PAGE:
Germanic peoples

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The Germanic peoples (also called Teutonic in older literature) are a historical ethno-linguistic group, originating in Northern Europe and identified by their use of the Indo-European Germanic languages, which diversified out of Common Germanic in the course of the Pre-Roman Iron Age. The descendants of these peoples became, and in many areas contributed to, ethnic groups in North Western Europe: Scandinavians (Danes, Finland-Swedes, Norwegians, Swedes and Icelanders, but not Finns and Sami), Germans (including Austrians, German-speaking Swiss, and ethnic Germans), Dutch, and English, among others.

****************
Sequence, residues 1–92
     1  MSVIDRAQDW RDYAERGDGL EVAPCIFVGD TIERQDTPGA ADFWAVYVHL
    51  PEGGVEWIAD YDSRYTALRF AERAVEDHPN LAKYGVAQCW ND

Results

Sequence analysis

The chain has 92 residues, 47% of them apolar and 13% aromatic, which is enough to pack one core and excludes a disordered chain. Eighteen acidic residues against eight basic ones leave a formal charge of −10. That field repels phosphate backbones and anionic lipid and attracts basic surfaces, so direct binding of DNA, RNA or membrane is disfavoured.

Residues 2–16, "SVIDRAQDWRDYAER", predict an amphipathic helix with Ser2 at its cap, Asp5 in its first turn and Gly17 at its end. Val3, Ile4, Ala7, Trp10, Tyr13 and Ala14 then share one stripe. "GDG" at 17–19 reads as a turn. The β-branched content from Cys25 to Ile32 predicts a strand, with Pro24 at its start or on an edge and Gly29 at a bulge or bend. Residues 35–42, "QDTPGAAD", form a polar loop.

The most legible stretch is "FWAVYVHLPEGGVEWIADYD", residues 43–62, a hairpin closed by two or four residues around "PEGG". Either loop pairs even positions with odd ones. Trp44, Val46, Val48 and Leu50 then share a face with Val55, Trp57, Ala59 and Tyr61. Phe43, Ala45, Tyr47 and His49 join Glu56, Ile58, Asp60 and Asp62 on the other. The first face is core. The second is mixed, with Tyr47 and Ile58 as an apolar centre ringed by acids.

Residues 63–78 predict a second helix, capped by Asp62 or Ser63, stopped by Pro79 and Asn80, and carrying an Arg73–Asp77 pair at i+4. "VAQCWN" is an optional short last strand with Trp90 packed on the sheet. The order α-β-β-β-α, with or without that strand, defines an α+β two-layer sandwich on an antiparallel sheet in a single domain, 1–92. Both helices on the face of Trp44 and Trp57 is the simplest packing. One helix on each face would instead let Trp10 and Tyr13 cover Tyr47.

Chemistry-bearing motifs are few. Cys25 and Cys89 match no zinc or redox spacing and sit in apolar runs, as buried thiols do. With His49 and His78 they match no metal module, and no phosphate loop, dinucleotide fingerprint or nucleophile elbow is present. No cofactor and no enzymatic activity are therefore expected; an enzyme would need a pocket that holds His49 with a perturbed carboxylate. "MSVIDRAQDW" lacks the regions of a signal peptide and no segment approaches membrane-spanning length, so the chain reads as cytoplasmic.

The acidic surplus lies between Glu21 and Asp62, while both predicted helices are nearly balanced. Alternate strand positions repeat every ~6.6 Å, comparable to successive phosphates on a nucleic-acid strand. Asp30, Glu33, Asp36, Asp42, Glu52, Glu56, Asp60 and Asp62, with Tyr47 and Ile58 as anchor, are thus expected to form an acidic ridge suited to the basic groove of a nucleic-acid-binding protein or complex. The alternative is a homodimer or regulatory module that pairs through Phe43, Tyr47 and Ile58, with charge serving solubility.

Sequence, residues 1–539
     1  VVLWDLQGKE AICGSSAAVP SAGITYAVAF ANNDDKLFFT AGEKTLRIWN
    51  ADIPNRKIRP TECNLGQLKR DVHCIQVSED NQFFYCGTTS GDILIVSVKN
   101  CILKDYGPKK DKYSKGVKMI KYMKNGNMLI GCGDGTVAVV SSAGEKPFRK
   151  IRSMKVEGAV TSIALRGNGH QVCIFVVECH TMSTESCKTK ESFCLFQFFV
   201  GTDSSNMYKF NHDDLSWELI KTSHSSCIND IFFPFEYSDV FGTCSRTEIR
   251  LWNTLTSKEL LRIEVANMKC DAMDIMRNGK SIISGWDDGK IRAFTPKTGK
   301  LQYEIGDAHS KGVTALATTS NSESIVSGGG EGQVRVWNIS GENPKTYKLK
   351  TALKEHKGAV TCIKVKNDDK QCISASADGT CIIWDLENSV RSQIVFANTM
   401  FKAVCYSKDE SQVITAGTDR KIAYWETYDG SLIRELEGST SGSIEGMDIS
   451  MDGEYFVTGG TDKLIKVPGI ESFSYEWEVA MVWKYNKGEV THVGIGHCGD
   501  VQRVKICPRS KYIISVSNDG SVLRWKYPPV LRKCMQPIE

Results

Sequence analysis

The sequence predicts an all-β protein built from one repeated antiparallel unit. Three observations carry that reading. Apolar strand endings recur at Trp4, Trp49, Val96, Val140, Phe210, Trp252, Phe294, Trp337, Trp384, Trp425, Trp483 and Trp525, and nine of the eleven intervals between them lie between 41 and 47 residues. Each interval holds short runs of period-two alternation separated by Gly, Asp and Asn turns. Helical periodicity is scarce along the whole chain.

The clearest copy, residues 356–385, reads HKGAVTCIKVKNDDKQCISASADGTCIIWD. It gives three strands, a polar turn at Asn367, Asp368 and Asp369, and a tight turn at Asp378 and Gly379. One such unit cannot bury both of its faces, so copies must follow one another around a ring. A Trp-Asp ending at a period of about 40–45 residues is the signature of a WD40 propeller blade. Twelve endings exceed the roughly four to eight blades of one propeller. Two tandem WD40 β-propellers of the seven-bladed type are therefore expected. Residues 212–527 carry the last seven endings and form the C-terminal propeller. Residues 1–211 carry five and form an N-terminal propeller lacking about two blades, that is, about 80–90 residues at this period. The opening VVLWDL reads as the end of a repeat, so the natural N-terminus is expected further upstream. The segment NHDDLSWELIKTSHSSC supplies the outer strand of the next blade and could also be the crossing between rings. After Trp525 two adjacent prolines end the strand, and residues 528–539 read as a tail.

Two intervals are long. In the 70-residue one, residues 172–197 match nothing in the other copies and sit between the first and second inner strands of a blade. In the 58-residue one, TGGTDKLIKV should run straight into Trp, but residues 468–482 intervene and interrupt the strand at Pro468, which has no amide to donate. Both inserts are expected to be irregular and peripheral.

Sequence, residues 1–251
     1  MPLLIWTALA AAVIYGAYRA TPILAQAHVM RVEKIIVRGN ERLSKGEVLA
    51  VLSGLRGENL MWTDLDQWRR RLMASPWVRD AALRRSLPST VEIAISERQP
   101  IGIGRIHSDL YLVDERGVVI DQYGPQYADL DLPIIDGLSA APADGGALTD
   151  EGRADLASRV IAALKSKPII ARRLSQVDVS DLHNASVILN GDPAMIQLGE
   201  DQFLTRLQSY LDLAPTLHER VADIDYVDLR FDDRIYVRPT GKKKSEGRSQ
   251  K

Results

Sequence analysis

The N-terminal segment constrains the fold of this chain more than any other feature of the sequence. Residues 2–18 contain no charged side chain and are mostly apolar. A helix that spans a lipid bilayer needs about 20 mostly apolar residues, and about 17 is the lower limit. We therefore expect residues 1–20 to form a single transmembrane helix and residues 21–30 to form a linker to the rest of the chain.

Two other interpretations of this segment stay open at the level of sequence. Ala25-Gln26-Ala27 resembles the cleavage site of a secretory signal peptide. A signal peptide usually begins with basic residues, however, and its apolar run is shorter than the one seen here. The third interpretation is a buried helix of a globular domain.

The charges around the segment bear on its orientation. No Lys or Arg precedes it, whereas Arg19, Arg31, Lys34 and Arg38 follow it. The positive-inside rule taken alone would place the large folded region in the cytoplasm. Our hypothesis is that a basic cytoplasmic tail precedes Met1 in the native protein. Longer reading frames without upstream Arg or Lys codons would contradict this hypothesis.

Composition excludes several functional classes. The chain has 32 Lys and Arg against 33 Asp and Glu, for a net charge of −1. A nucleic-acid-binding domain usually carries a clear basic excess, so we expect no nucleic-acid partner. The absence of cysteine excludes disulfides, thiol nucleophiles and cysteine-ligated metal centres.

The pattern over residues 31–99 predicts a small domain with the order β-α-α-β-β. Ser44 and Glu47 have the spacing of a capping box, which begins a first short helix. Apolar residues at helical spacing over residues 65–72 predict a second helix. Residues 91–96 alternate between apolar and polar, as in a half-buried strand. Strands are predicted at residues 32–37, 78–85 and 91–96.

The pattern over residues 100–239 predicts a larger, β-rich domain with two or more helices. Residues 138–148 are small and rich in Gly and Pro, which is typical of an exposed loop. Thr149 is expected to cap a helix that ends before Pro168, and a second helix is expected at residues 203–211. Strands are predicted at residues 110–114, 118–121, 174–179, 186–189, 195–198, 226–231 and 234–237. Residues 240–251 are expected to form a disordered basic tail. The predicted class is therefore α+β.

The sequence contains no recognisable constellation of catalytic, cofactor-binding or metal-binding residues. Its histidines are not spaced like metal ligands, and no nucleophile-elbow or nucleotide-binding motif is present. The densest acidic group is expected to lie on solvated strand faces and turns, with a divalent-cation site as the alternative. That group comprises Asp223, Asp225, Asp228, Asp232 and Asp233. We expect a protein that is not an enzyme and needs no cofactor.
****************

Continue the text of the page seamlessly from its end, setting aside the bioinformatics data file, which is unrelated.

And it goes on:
Migrating Germanic peoples spread throughout Europe in Late Antiquity (300-600) and the Early Middle Ages. Germanic languages became dominant along the Roman borders (Austria, Germany, Netherlands, Belgium and England), but in the rest of the (western) Roman provinces, the Germanic immigrants adopted Latin (Romance) dialects. Furthermore, all Germanic peoples were eventually Christianized to varying extents. Europe's Germanic peoples, such as the Franks, Saxons, Vandals, Angles, Lombards, Burgundians and Goths, transformed the Roman Empire into Medieval Europe. Today Germanic languages are spoken through much of the world, represented principally by English, German, Dutch and Scandinavian.


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